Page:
Saturday, November 28, 2009


This announcement came from the Vatican’s web-site this morning (11-28-09):

Following the 21 November meeting in the Vatican between Benedict XVI and Archbishop Rowan Williams of Canterbury, in the course of which they reiterated their desire to strengthen ecumenical relations between Anglicans and Catholics, on 23 November the meeting took place of the committee entrusted with preparing the third phase of the "Anglican Roman Catholic International Commission" (ARCIC). It was decided that this new phase will begin during next year.
The third phase will focus on fundamental questions concerning the Church - local Church and universal Church - understood as communion, and on the way in which the local and universal Church can, in communion, discern just moral teaching.
Over coming months the members of the commission will be appointed, and the date of its first meeting will be announced.

This set of dialogues will be critical for the future of ecumenical relations between the Catholic Church and the Anglicans. By coming to an agreed understanding of the distinctions and relations between the local and the universal Church, we can perhaps better understand both the overture Pope Benedict made to Anglicans with the new Apostolic Constitution Anglicanorum Coetibus. We will, I hope, come to a shared perspective on the ways in which a local Church can be truly a local expression and form while still being fully united in the universal Church.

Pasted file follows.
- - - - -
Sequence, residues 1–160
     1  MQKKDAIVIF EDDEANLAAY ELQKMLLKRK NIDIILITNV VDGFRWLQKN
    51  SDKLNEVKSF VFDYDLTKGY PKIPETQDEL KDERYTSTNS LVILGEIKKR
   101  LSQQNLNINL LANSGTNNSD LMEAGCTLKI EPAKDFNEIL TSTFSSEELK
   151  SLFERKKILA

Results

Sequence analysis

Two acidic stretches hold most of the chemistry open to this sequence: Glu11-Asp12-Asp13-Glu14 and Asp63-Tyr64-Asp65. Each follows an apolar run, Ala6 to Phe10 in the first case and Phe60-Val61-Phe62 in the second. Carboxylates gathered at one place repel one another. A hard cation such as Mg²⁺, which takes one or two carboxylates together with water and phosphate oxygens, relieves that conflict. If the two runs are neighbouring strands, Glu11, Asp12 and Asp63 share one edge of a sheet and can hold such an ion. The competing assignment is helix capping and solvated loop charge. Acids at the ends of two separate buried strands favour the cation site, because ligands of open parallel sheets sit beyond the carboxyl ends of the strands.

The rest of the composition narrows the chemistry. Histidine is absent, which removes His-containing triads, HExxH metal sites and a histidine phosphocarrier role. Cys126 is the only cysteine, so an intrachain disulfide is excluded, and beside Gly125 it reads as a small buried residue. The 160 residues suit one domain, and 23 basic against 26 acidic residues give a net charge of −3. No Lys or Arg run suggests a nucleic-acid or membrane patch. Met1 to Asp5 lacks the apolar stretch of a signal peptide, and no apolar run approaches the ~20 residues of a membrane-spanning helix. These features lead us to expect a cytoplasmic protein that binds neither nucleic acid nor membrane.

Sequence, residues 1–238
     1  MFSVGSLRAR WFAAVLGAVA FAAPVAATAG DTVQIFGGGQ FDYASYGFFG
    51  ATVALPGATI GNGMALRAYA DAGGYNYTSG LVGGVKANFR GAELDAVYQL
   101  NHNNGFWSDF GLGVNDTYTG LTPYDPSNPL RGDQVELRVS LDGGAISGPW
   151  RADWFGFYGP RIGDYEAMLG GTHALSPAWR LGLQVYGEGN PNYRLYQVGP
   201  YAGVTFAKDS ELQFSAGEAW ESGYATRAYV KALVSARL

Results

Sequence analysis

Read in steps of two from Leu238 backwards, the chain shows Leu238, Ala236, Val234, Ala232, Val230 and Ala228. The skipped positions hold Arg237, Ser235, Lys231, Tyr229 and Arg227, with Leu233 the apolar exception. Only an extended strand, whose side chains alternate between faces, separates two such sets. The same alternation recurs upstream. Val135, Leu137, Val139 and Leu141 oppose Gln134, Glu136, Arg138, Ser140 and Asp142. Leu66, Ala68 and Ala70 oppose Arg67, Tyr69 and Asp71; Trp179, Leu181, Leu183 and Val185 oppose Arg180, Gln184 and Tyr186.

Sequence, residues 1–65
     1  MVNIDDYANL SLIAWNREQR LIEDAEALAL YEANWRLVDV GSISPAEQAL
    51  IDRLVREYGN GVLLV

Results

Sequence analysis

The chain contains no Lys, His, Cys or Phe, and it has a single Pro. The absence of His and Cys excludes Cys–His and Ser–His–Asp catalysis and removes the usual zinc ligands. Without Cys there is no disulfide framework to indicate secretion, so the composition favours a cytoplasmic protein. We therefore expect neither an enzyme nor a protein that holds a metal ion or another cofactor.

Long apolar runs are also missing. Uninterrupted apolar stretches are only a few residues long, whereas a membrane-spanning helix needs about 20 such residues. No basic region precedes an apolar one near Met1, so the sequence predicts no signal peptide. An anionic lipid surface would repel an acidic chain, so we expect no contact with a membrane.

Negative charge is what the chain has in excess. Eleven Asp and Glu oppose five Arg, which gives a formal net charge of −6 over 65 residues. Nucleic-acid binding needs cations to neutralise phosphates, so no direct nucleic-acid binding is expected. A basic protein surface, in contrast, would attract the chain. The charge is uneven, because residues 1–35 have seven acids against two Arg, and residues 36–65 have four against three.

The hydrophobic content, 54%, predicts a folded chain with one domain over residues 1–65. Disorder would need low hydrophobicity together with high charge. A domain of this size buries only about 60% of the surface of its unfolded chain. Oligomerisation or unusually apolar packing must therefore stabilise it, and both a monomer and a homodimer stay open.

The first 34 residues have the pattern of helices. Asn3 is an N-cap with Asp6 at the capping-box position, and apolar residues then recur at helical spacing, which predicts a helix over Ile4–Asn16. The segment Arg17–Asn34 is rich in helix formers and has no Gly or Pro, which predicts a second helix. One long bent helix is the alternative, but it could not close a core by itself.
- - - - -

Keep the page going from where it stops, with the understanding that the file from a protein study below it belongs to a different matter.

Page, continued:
Beyond this, it is significant that part of the purpose for dialogue in this particular area of theology is to try to agree on the methods by which there can be a unified process to ‘discern just moral teaching’ (and this would indeed mean agreement, at the very least in the basic principles of moral teaching). This is critical since divergences in moral practice have been at the core of the upset felt in the Anglican Communion these last several years.

Why do we dialogue at all? Surely it is because, in the words of St. Augustine, we are all brothers and sisters in Christ, and no matter what else is true, this will never be untrue so long as we all pray “Our Father.” If we seem, sometimes, to be at enmity with each other, this must cease; the best way is to look into each other’s eyes and see, not a demon, but a child for whom Christ suffered, died and rose. We are called to love each other and so bear witness to the truth of Jesus Christ. Again, as St. Augustine put it:

Blessed is the one who loves you, O Lord; and who loves his friends in you, and his enemies for your sake. For this is the person who loses none who are dear to him; to whom all are dear, in the One who can never be lost.

May we all one day soon be dear to one another, and united, in the One who can never be lost.

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